The 6 Core Sales Skills That Underlie Success
Today, anyone can google “sales”, read some, and start hustling. In theory, there should be great salespeople wherever you look. In reality, performance varies hugely.
However, these how-to-guides mostly focus on techniques, tips, and tricks. What really tells decent sellers from great ones is a small number of platform-independent core skills that are built over years.
Here are the 6 sales skills that make for a powerful sales rep.
Conscientiousness is one of the Big Five personality traits and widely viewed as the one most predictive of overall job success. All its facets , like orderliness, dutifulness and self-discipline describe the basic skill of organizing yourself.
Organization is a platform-independent skill. Whether it's sales, marketing, or development, conscientiousness is about tracking progress, knowing when to take the next steps, and keeping your to-do-lists well-stocked.
In sales, good organization means maintaining a schedule in which you always have the time you need for any prospect, from initial research to sealing the deal, while keeping the pipeline filled up.
This requires keeping track of progress and knowing when to follow up with what material. Tools like Pipedrive act as a memory extension and give you overview. But you still have to feed them with data.
If I’m checking Facebook or Twitter more than I should, I take that as a clear sign I’ve lost interest in the topic and should write about something else.Nir Eyal on self-restraint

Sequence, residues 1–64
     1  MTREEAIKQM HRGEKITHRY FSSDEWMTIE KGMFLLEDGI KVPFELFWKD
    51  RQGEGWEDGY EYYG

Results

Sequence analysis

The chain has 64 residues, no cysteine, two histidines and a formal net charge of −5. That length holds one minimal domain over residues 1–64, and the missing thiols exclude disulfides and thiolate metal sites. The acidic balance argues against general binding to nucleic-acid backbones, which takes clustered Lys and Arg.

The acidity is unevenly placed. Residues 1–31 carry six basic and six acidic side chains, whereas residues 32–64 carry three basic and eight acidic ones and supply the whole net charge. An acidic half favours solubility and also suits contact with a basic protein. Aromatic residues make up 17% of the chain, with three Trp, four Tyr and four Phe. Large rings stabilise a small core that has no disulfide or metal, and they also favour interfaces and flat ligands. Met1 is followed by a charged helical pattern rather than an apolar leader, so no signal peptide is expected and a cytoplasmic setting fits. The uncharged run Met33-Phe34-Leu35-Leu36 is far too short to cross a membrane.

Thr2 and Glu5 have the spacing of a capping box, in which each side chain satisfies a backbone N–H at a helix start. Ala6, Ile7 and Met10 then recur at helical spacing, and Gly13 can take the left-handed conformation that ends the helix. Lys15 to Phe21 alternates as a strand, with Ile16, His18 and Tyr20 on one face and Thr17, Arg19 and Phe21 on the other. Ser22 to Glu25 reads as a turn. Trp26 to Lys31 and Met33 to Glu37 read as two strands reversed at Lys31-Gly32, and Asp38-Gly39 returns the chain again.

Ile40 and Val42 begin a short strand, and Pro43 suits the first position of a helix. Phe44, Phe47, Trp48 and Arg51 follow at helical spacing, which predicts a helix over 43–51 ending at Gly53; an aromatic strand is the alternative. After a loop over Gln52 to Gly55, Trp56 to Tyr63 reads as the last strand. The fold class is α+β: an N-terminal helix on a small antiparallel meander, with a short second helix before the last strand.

You still have to make counter-intuitive decisions, too. Being organized can also mean being able to reflect and restrain yourself when not making progress with a prospect. No software will encourage you to hand over a case to a colleague better specialized on that customer type. Even when that is the best course of action.
The best way to cultivate self-control and organization is to form the right habits. These persist even when we lack self-control, University of South Carolina’s Wendy Wood argues . An example of forming the right habits in sales would be to follow a post-call routine of…
- immediately documenting relevant information in a CRM
- setting realistic dates for the next time you plan on touching base or delivering requested material
- gathering feedback from customers after a predefined time prior to the finalization/rejection
When a prospect asks you to introduce your product, she expects you to take the stage for a few minutes and deliver a compelling pitch.